Last month I did some volunteer work that was equal parts selfless and clueless and which would have made an economist cry.
My daughter’s school holds an annual book fair to raise money to buy library books and I volunteered to coordinate it this year. A local bookstore brings over crates of books and kids come in throughout the week to buy them. Proceeds are split between the bookstore and the library. Literacy is promoted. Everybody wins.
Well, sort of. Before I get into the “where did I go wrong?” handwringing, a few observations:
First, anyone who thinks kids don’t read anymore should drop by an elementary school book fair. This particular event was held at a pretty typical urban public school and the kids went crazy for the books. Not just the new Wimpy Kid book, but all sorts of books: Arts and crafts books, books about the scariest and most disgusting things on earth, graphic novels, picture books, and the perennial favorite of kids everywhere, the Guinness Book of World Records. After the book fair was over, kids kept stopping me in the hall to say, “I wish the book fair would go forever.” (I did remind them that they can get library books for free.)
Second, kids do not understand sales tax. I know, why should they? But man, I saw a lot of steaming brows when I had to explain that you can’t buy a $10 book for $10. Actually, come to think of it, I grew up in Oregon and I don’t understand sales tax, either.
Finally, having a little money in their backpacks brings out the best and the worst in kids. I saw kids very politely begging their friends for money. (This is against the rules, of course.) I also saw kids spontaneously offering their own money to friends to cover annoyances like sales tax or being two dollars short for Wimpy Kid.
The value of time
In short, the book fair is a big, fun lesson in literacy, generosity, fractions and decimals, all bound up. What could be so bad about that?
Here’s the problem: I ended up taking almost the whole week off work, unpaid, to sit in the library selling books. I’m not complaining about that, though. Who wouldn’t prefer to hang out with kids, reading books, instead of working?
Conservatively, however, I missed out on billing $600 worth of work; call it $450 after taxes. The book fair raised about $150 for the library. If I’d gone to work and just donated my paycheck, the library could have bought a lot more new books.
Even though I thought I knew better, I became the walking incarnation of the conclusion of a famous economics paper:
“The inherent ambiguity of the value of time promotes accommodation and rationalization and may explain the rather obvious observation that most people are a lot more willing to waste time than money.”
To help me make sense of this, I called Laura Vanderkam, author of the time management book, 168 Hours, and the forthcoming personal finance book, which I highly recommend, All the Money in the World.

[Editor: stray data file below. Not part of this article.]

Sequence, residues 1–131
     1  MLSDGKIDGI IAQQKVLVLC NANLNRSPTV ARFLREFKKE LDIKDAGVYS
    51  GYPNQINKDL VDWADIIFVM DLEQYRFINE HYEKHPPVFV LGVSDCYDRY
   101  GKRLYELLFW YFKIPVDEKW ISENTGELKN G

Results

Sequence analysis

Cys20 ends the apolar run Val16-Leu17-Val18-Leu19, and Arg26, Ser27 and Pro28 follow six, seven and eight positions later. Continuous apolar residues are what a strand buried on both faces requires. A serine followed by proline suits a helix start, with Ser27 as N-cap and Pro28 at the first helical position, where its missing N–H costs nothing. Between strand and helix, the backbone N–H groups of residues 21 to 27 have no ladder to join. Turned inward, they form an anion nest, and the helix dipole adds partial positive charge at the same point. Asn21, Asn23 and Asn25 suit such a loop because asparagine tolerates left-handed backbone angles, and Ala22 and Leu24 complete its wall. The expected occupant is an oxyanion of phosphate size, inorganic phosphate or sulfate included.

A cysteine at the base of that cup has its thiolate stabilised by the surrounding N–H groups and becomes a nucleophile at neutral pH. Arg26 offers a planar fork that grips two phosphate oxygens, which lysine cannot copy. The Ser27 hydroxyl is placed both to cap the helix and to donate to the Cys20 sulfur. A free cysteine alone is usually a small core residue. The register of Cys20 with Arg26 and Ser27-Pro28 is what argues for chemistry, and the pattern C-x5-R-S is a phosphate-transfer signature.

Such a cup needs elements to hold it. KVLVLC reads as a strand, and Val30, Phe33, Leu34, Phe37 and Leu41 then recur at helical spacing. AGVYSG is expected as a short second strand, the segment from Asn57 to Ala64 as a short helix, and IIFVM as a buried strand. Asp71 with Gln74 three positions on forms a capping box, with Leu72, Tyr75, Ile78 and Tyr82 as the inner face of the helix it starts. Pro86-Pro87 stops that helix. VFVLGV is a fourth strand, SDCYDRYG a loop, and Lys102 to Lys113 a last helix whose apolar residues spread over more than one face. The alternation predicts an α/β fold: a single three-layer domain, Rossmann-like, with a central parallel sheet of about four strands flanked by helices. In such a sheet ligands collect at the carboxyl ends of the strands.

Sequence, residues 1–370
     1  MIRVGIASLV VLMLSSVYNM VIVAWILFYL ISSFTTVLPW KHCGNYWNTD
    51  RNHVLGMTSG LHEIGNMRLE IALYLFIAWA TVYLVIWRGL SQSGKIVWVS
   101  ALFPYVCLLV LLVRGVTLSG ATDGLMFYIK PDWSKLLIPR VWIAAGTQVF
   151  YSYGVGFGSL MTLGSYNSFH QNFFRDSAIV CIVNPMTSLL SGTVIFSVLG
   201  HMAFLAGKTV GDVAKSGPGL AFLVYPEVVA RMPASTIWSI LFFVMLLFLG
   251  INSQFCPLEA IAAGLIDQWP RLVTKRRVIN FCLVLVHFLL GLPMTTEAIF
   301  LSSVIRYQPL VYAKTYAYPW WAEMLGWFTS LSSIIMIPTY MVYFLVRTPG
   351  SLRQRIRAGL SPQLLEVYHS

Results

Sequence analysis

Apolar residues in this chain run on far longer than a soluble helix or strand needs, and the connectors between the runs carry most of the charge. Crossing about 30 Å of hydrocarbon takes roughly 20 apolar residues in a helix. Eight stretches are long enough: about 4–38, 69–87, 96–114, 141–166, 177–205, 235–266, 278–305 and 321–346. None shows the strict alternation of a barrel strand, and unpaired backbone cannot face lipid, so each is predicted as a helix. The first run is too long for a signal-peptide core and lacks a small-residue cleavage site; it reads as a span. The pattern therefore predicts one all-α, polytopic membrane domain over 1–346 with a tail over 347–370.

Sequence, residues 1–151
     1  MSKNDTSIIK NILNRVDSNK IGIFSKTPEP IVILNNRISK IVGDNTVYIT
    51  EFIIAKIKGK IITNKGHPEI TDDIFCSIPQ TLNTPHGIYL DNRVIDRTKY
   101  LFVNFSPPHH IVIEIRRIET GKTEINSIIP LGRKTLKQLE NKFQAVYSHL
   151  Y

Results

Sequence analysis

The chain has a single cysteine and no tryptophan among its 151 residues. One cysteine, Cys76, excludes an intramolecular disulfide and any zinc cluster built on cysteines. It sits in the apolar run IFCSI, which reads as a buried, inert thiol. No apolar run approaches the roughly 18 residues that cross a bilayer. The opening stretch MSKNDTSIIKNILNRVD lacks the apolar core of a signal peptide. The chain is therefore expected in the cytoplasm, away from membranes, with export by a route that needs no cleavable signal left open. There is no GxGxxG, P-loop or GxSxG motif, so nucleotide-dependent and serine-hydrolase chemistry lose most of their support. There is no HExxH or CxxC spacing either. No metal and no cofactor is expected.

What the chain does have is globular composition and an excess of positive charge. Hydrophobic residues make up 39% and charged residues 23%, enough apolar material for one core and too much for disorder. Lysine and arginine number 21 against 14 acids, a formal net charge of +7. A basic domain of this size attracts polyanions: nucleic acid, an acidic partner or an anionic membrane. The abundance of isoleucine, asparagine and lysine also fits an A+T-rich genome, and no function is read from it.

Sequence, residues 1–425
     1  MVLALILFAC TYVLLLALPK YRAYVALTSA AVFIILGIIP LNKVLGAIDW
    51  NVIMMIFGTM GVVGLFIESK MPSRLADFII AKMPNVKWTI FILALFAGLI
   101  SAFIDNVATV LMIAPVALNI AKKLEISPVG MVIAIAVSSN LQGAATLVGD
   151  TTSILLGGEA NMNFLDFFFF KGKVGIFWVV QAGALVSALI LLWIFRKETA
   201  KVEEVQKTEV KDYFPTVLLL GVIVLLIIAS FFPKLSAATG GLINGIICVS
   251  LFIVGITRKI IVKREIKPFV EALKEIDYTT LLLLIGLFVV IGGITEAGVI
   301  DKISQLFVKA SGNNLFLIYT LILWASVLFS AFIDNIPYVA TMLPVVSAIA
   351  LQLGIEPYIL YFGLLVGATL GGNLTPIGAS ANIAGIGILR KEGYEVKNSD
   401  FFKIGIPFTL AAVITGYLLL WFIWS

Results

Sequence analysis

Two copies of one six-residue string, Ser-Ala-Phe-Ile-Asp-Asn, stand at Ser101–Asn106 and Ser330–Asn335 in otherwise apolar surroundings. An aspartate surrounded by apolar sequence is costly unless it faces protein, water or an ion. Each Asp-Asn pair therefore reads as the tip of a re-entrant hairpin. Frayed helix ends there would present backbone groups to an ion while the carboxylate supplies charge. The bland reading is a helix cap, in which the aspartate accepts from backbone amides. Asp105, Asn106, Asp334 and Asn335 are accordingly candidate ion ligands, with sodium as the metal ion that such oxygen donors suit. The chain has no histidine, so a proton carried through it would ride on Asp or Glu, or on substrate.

“It sounds like it was incredibly enjoyable for you, hanging out with your daughter and her friends and encouraging young people to read,” says Vanderkam. “Those of us who write for a living certainly hope younger people will read in the future.”
But what about the money?
“It doesn’t have to be an either-or question, right?” she says. “Maybe there was a way you could have done both. Maybe you could have split the work with someone else and donated moremoney that you had earned during some of the other time.”
Indeed, I rounded up a few volunteers, but not as many as I wanted, and I was too reluctant to delegate and let volunteers take over so I could cram in a little work.
The lessons in math and interpersonal relations, the “promotion of literacy”—these happy side effects of the book fair, are fuzzy and hard to put a price on. The value of getting new books for a library that desperately needs them is hard to dispute.
So, I put it to Vanderkam bluntly: Next year, if the responsibility falls to me, shouldn’t I cancel the book fair and promise to donate a week’s pay to the library instead?
“Probably,” she agreed. “When trading partners specialize in what they do best, it produces the most economic efficiency. When people focus on what they do best, that produces more efficiency, too.”
(This, of course, raises another question: If I can inveigle someone else into running the book fair next year, do I still have to donate my paycheck? I do? Yeah, that’s what I thought.)
On the bridge
Until the other day, I’d filed the book fair episode into the capacious lobe of my brain reserved for salting away dumb mistakes and trying to forget about them. I thought of it again while I was driving across the 520 floating bridge connecting Seattle with Bellevue and the rest of the metro area eastside.
This bridge has been a nonstop traffic jam, even on weekends, for as long as I can remember. I don’t cross it very often, but I always dread it when I do. A couple of weeks ago, however, the state slapped a toll on the bridge to help pay for a replacement bridge.
Now the crossing is a delight. The Seattle Times reports that on one section of the bridge, the average speed jumped from 19mph to 65mph. That’s tooth-grindingly slow to illegally fast. The traffic jam has moved to the other bridge.
Is it better to pay $5 to cross the free-flowing bridge or drive out of your way to take the non-toll bridge, which may or may not be congested? Technology to the rescue: A local developer has created a free smartphone app that tells you the current toll on the toll bridge (it varies throughout the day), the estimated crossing timefor each bridge and the cost in gas.
You still have to decide how you value your time. Are you economically rational or a time-wasting stereotype like me?
Matthew Amster-Burton is a personal finance columnist at Mint.com. Find him on Twitter @Mint_Mamster.